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George Polk Awards

From Wikipedia, the free encyclopedia

George Polk Awards in Journalism
Awarded forTo honor excellence in print and broadcast journalism
CountryUnited States
Presented byLong Island University
First awarded1949
Websitewww.liu.edu/polk/ Edit this at Wikidata

The George Polk Awards in Journalism are a series of American journalism awards presented annually by Long Island University in New York in the United States. A writer for Idea Lab, a group blog hosted on the website of PBS, described the award as "one of only a couple of journalism prizes that means anything".[1][2][3][4] The award is described as follows:

For 75 years, LIU has been the proud home of the George Polk Awards in Journalism, the first major award of its kind to recognize reporting across all media. This prestigious honor focuses on the intrepid, bold, and influential work of the reporters themselves, placing a premium on investigative work that is original, resourceful, and thought-provoking.[5]


20th century[edit]

The awards were established in 1949, in memory of George Polk, a CBS News correspondent who was murdered in March 1948 while covering the Greek Civil War.

21st century[edit]

In 2008, Josh Marshall's blog, Talking Points Memo, was the first blog to receive the Polk Award in recognition of its reporting on the 2006 U.S. Attorneys dismissal scandal.[6]

In 2009, John Darnton, a former editor with The New York Times, was named curator of the George Polk Awards.[7][8]

In 2024, The New York Times was awarded three Polk Awards for the newspaper's "unsurpassed coverage of the war between Israel and Hamas".[9][10] Steven Thrasher criticized the issuance of the awards to the New York Times, saying that the newspaper's article, "Screams Without Words", had been discredited.[11]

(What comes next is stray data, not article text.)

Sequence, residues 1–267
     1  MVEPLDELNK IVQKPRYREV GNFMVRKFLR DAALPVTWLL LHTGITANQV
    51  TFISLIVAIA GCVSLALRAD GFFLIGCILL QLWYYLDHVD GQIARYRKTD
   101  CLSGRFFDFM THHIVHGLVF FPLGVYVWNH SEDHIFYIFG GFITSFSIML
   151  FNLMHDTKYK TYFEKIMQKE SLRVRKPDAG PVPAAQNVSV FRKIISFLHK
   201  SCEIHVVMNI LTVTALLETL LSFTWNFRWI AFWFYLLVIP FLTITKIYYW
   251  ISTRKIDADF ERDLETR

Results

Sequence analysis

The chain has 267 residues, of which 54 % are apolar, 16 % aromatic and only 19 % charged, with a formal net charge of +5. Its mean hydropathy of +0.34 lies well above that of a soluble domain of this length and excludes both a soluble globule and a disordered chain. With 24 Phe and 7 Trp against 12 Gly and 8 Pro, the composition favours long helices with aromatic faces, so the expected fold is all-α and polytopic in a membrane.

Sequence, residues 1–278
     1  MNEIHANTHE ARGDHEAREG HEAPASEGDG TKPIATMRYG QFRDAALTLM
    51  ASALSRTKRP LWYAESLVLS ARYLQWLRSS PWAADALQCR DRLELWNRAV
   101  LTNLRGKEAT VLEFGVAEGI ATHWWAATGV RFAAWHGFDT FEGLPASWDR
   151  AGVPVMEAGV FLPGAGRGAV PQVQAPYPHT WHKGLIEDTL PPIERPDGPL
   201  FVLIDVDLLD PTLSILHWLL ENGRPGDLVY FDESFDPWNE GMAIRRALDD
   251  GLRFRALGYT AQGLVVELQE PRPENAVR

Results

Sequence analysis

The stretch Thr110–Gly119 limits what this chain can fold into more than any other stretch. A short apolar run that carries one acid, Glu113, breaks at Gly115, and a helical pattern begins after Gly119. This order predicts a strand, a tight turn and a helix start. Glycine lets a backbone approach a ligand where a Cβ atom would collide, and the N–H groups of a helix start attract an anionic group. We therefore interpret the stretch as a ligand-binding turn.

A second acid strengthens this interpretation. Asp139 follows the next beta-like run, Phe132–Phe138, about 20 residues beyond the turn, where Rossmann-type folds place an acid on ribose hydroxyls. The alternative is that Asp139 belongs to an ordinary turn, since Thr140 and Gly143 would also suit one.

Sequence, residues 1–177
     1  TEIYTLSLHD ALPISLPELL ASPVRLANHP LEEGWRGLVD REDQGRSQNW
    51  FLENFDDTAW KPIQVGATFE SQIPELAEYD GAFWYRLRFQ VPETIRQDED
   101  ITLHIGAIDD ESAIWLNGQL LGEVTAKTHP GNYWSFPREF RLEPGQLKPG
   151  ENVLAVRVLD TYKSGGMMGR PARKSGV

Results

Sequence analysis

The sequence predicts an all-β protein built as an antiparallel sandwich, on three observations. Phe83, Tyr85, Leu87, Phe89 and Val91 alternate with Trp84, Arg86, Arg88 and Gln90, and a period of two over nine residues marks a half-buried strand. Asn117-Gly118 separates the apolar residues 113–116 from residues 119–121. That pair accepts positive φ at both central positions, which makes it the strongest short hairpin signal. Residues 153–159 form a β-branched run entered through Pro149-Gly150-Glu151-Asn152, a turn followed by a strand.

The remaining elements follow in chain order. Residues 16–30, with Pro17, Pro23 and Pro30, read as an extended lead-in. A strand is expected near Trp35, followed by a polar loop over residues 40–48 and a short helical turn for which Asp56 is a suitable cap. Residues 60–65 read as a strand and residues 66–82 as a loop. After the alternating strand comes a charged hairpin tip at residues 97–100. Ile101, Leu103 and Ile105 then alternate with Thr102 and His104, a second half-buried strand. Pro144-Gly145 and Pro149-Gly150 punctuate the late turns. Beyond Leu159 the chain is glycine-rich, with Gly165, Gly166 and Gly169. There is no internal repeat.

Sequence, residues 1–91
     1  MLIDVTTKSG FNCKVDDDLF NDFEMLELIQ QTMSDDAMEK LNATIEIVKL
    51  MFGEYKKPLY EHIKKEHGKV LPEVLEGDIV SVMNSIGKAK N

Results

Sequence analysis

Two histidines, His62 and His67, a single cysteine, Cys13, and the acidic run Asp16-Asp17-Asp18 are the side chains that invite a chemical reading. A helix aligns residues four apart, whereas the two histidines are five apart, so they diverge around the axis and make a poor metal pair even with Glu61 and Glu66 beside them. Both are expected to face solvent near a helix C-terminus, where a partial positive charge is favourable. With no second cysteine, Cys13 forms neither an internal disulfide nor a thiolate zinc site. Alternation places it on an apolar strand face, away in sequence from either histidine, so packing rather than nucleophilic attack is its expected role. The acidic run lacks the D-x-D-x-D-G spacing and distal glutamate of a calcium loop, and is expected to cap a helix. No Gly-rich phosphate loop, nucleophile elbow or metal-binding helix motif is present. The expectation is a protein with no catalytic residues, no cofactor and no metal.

List of award recipients[edit]

Award categories[edit]

  • Foreign reporting
  • Radio reporting
  • Photojournalism
  • Economics reporting
  • Business reporting
  • Labor reporting
  • Legal reporting
  • National reporting
  • Internet reporting
  • Magazine reporting
  • Military reporting
  • State reporting
  • Education reporting
  • Local reporting
  • Television reporting
  • Documentary Film (introduced in 2014)

In addition, the George Polk Career Award is given in recognition of an individual's lifelong achievements.


  1. ^ Gillmor, Dan (February 24, 2010). "Faint Praise for Citizen Journalism Misses Point". PBS. Retrieved June 13, 2022.
  2. ^ Pengelly, Martin (February 17, 2014). "Journalists who broke NSA story in Guardian receive George Polk Awards". The Guardian. Retrieved January 26, 2015.
  3. ^ Bouchard, Kelley (February 18, 2013). "Reporter Colin Woodard earns prestigious award". Portland Press Herald. Retrieved January 26, 2015.
  4. ^ "Glenn Greenwald '94 to receive George Polk Award for national security reporting". New York University School of Law. February 19, 2014. Retrieved January 26, 2015.
  5. ^ "The George Polk Awards". Long Island University. Retrieved April 2, 2024.
  6. ^ Strupp, Joe (February 19, 2008). "Slain Editor Bailey Among George Polk Award Winners". Archived from the original on February 26, 2008. Retrieved April 16, 2014.
  7. ^ "Former Times Editor Will Oversee Polk Awards". The New York Times. April 16, 2009. Archived from the original on April 19, 2009.
  8. ^ "Long Island University Announces 68th Annual George Polk Awards in Journalism". Long Island University. February 21, 2017. Retrieved February 21, 2017.
  9. ^ McCordick, Jack. "New York Times Under Fire For "Racially Targeted Witch Hunt" Into Leaks Over Israel Coverage". Vanity Fair. Retrieved March 18, 2024.
  10. ^ Katie Robertson (February 19, 2024). "The New York Times Wins 3 Polk Awards". The New York Times. Retrieved April 27, 2024.
  11. ^ Thrasher, Steven W. "As Journalists Are Murdered in Gaza Their Counterparts Lose Jobs in America". Literary Hub. Retrieved March 18, 2024.